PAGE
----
School inclusion units to work with charities to tackle exclusions


Four Dundee secondaries are to open “inclusion” units with partners from outside the education sector in a long-term attempt to cut the highest pupil exclusion rates in Scotland.

Dundee City Council will work with Apex Scotland, a charity that engages with young offenders, and will copy a model that is said to have helped reduce exclusions significantly at Dunfermline High in Fife, in the last five years.

The rate of exclusions in Dundee is two-and-a-half times the Scottish average, equivalent to 107 per 1,000 pupils, and far higher than other big cities, according to official figures. 

The rate in Aberdeen is 62, in Glasgow 53 and Edinburgh 35. Dundee excluded 1,800 pupils in 2010/11 for transgressions including attacks on teachers, drug abuse and stalking.

The units will open from the start of the next school year, at a cost of about £70,000 a year each.

Alan Staff, chief executive of Apex Scotland, said the units were effective at helping pupils to understand the consequences of their actions. Pupils also learnt how to handle “flare-up” situations where they were prone to lose control, for instance by seeking the help of mentors within the school.

“Young offending often starts with repeat exclusions, which is not that surprising – if you’re excluded, who are you going to be hanging around with? Other people who have been excluded.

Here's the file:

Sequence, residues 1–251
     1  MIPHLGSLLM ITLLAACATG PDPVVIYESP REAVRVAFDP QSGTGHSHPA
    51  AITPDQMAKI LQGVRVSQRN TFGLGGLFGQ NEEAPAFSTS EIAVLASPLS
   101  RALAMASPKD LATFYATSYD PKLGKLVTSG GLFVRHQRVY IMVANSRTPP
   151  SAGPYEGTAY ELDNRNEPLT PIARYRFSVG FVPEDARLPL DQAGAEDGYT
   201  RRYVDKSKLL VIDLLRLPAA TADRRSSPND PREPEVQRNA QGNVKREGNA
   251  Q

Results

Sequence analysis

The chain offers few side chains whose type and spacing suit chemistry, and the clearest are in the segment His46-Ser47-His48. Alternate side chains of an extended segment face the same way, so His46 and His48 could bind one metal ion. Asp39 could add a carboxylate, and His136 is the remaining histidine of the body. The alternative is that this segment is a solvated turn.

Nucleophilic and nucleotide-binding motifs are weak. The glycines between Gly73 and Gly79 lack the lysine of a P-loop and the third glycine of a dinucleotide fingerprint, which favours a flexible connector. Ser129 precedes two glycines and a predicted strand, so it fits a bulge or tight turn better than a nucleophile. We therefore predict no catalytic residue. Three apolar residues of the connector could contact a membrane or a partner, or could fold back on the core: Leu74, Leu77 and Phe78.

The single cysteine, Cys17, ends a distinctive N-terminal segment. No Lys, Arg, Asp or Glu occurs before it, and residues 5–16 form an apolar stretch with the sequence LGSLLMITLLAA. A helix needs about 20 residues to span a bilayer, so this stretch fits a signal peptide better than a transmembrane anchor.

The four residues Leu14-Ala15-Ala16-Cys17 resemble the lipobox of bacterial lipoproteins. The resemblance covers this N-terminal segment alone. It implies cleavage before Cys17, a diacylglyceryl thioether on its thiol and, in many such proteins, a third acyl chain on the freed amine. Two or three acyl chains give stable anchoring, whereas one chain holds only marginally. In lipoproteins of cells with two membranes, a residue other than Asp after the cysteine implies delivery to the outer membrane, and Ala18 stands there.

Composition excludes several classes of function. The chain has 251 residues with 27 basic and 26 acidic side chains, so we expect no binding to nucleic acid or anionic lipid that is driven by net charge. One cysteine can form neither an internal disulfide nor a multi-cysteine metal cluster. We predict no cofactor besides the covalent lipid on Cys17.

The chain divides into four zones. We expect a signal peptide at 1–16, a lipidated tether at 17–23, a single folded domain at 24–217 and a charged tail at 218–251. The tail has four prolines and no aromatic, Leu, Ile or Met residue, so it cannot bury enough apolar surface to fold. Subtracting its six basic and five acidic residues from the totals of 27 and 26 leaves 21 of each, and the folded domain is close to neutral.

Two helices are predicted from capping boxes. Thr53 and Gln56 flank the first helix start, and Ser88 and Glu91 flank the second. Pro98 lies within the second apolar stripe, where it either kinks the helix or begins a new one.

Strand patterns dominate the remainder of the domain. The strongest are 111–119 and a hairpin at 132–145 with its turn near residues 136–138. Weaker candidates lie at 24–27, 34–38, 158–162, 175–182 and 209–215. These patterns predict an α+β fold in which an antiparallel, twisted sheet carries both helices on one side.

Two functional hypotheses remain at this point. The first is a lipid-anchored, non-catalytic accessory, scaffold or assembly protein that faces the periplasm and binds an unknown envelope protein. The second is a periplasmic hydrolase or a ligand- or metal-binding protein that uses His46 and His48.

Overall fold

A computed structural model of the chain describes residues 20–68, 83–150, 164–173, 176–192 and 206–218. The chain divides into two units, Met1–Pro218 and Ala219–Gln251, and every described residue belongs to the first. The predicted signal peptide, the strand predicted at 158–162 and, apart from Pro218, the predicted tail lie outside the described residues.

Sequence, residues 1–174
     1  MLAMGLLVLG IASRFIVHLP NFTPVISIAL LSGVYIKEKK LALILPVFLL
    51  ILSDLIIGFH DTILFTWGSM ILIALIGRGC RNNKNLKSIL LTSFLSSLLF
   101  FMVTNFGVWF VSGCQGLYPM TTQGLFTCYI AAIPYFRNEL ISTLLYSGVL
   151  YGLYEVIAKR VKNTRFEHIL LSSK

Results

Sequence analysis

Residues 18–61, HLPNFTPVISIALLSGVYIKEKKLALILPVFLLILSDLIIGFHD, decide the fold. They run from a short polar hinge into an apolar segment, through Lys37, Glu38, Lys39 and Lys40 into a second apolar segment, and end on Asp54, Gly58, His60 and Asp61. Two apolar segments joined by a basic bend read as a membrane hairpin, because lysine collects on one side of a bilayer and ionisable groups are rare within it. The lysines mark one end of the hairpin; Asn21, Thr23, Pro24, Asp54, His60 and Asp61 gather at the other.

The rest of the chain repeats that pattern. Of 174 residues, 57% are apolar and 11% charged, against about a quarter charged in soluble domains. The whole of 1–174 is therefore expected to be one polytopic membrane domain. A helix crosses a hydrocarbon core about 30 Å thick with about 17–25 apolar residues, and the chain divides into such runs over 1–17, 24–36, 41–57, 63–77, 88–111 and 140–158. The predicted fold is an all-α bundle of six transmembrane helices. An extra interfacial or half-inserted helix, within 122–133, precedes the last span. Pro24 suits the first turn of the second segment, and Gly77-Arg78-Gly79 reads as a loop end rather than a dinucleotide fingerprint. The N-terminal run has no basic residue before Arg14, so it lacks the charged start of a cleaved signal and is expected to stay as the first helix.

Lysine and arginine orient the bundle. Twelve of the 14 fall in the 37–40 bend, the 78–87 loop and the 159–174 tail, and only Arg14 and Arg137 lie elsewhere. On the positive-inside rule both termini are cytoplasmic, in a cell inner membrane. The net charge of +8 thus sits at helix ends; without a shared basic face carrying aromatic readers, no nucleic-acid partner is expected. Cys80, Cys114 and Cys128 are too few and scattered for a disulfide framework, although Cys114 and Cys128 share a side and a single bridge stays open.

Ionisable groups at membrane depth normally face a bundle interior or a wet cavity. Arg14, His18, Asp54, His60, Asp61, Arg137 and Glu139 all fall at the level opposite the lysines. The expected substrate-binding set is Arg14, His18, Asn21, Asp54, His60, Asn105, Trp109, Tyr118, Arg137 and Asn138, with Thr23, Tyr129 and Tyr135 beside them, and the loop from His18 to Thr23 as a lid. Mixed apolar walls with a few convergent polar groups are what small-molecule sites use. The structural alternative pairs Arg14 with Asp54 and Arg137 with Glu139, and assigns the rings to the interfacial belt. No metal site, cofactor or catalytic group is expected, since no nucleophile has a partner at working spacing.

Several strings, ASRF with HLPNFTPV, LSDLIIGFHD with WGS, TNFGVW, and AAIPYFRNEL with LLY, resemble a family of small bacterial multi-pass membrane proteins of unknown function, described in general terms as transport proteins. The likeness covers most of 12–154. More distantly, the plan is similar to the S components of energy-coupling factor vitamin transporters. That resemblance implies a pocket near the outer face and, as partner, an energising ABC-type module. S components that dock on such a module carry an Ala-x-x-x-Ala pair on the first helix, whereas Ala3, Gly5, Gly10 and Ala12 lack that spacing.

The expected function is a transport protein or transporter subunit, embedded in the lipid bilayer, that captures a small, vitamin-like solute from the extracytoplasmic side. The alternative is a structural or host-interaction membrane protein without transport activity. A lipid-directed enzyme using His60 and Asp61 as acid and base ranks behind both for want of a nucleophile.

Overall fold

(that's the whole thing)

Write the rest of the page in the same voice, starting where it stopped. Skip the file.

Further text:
“Where we’ve operated, including Dunfermline High, we’ve seen quite dramatic improvements but it’s a team approach – we work with school staff.”

Rather than continuing with the curriculum outside the classroom, pupils in the inclusion units focus on their behaviour and possible triggers, including family crises.

“This is not a parachute model, nor a standalone approach. It is also absolutely not intended as an alternative to mainstream school – it’s about re-engaging with staff and other pupils constructively.”

Length of attendance could vary from a day or two, with no repeat visits, to far longer. The units in Dundee will also involve workers from the charity Includem, which works with vulnerable young people, and SkillForce, which visits schools across the UK to help those at risk of leaving with no skills or qualifications. 

For the first two years they will be funded by a consortium of sponsors including charitable trusts, with the council expected to pay in the longer term if they continue.

Fife Council has cut exclusion rates to 38 per 1,000 pupils since it started inclusion units. At Dunfermline High, the number of pupils suspended or expelled fell by almost 75 per cent.


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